Under Washington University in St. Louis’s Intellectual Property (IP) policy, creators are required to disclose to OTM inventions made using significant university resources and/or pursuant to a research project funded through corporate, federal or other external sponsors.
Helpful Forms
Invention Disclosure Form .pdf   |  .dotx
Materials Disclosure Form .pdf   |  .docx
Software Disclosure Form .pdf   |  .doc

What is an Invention?

The discovery or creation of a new material (either a new manufactured product or a new composition or matter), a new process, a new use for an existing material, or any improvements of any of these.

If you think you have discovered an invention with commercial possibility we encourage you to contact our office as soon as possible and submit an Invention Disclosure Form well in advance of making the invention public.

Technology Transfer Process

We have broken out the process into six distinctive steps.  OTM is here to help you every step of the way, from submission of your Invention Disclosure to Development and Commercialization of the product.

Step 1: Invention Disclosure Submission

  • Inventor submits an invention disclosure form to OTM that:
    • describes the invention;
    • lists the names of all creators;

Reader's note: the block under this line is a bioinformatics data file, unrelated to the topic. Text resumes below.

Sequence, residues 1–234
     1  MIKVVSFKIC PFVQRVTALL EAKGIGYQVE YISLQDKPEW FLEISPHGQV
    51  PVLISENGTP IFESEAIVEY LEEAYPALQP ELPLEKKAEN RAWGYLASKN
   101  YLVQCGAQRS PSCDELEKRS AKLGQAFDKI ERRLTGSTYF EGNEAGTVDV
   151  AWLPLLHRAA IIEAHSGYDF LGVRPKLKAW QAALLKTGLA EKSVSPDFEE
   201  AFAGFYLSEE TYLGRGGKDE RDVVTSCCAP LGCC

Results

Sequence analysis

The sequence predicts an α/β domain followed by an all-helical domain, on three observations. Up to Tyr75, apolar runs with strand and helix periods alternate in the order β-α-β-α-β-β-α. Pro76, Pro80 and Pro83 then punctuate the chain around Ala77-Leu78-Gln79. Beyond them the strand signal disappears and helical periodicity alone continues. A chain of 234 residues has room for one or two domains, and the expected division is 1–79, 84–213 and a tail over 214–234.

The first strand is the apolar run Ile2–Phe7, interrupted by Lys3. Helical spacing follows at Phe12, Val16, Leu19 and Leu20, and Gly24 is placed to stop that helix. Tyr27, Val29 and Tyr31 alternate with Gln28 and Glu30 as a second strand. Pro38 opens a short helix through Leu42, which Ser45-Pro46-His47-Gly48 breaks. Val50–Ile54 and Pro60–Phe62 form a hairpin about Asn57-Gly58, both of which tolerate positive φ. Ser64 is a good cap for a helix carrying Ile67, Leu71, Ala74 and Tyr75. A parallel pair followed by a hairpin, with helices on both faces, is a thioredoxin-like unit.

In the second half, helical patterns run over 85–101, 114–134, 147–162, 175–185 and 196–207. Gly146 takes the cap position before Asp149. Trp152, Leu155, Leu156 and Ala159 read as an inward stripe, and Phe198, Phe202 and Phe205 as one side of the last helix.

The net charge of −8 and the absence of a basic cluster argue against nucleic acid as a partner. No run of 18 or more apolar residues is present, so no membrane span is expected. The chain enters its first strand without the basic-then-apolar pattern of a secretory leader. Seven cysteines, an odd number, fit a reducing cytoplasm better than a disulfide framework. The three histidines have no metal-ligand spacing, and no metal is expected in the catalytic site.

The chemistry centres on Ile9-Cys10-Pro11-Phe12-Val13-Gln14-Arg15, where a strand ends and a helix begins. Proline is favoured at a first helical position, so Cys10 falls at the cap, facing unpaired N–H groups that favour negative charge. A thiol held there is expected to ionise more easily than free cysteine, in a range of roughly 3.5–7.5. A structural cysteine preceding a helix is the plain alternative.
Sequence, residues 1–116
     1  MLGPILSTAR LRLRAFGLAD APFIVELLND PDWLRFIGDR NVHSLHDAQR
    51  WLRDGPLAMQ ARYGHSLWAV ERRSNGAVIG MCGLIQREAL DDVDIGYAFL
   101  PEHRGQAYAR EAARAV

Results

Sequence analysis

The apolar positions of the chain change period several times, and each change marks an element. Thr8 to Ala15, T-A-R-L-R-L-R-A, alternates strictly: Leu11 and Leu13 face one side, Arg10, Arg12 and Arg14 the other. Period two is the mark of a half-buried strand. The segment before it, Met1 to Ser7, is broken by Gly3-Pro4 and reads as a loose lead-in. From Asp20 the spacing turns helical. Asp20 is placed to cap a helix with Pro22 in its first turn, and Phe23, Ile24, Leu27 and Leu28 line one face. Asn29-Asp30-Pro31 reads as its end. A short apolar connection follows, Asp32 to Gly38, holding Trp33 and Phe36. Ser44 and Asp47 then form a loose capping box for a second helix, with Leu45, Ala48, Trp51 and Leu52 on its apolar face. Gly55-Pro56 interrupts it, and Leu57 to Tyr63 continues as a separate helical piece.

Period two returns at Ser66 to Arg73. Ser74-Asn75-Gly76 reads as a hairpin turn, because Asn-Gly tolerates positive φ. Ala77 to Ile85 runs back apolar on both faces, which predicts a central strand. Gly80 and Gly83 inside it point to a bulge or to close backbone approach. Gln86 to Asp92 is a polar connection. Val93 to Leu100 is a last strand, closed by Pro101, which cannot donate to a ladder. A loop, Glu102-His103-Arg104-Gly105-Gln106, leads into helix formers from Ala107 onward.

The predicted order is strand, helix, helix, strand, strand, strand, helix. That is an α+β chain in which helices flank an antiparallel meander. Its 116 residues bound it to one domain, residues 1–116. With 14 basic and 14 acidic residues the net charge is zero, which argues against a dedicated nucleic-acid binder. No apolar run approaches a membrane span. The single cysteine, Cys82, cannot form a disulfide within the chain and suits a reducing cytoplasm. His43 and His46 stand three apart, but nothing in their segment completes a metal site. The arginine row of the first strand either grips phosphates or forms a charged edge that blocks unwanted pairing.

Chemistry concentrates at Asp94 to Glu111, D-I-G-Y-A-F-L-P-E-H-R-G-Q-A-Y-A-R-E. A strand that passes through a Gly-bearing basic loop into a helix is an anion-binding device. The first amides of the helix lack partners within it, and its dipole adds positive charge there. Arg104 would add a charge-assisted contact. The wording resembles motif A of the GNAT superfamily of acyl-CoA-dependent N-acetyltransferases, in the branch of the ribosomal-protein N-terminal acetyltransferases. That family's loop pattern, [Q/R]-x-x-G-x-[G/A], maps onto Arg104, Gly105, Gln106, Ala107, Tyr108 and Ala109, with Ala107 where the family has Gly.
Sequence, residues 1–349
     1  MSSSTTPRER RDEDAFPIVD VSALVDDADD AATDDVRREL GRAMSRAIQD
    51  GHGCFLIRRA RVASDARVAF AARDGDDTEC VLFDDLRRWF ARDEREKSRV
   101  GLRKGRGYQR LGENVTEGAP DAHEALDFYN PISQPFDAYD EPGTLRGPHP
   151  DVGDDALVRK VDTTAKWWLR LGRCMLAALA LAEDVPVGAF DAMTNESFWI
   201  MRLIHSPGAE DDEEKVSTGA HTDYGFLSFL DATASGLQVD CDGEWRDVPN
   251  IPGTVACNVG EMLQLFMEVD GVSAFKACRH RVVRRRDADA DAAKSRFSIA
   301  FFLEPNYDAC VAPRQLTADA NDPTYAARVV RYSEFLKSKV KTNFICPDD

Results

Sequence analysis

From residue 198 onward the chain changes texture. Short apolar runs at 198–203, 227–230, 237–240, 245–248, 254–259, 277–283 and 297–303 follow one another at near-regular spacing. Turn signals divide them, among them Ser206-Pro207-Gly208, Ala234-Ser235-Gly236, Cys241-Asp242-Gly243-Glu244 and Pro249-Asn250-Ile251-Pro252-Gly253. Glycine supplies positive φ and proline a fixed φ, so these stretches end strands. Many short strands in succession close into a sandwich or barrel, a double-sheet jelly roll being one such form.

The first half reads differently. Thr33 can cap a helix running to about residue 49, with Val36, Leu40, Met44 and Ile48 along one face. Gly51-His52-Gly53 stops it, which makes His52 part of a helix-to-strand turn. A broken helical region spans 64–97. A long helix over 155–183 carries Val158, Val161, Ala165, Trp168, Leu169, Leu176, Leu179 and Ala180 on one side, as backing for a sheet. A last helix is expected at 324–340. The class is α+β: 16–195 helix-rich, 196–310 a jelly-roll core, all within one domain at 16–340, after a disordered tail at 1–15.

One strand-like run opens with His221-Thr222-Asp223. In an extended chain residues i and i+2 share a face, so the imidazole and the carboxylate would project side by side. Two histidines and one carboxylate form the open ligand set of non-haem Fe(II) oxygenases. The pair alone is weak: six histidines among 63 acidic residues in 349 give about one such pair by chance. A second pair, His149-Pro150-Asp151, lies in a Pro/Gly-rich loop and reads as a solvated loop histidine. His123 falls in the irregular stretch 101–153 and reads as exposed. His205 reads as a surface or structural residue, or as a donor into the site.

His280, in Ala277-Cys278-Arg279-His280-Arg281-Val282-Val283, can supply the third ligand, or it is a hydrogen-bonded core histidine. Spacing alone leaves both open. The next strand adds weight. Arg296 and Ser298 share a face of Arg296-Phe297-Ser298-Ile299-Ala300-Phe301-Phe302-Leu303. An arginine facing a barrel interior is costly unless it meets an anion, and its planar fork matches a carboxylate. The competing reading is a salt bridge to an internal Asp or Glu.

• provides funding information;
    • discloses other information (e.g. potential publications) that is important for assessing the invention.
  • The invention disclosure form can be found on at the top of this page.
  • Inventors should submit the completed invention disclosure form via email to

Step 2: Invention Assessment

  • OTM evaluates the invention to determine:
    • the appropriate intellectual property protection mechanism (e.g. patent).
    • the potential commercial applications/products and the market(s).
  • Generally the OTM evaluation process takes 60 days from the date of submission.
    • The outcome of the analysis is communicated to the creators through an in person meeting, by phone or email.
    • There are multiple outcomes of the analysis:
      • Protect the invention (see step 3);
      • More research being required for the invention to be protected or commercialized;
      • Commercialize the technology without protection (see step 4);
      • In some circumstances, OTM will not retain ownership (in which case a discussion around return of IP will occur).

Step 3: Intellectual Property Protection

  • OTM protects the intellectual property using the appropriate mechanism (e.g. filing a patent, registering a copyright, etc.).
  • OTM informs inventors of the protection chosen and corresponding rights and restrictions.
  • If patent protection is opted, then OTM works with the creators and selected external patent counsel to draft a patent application.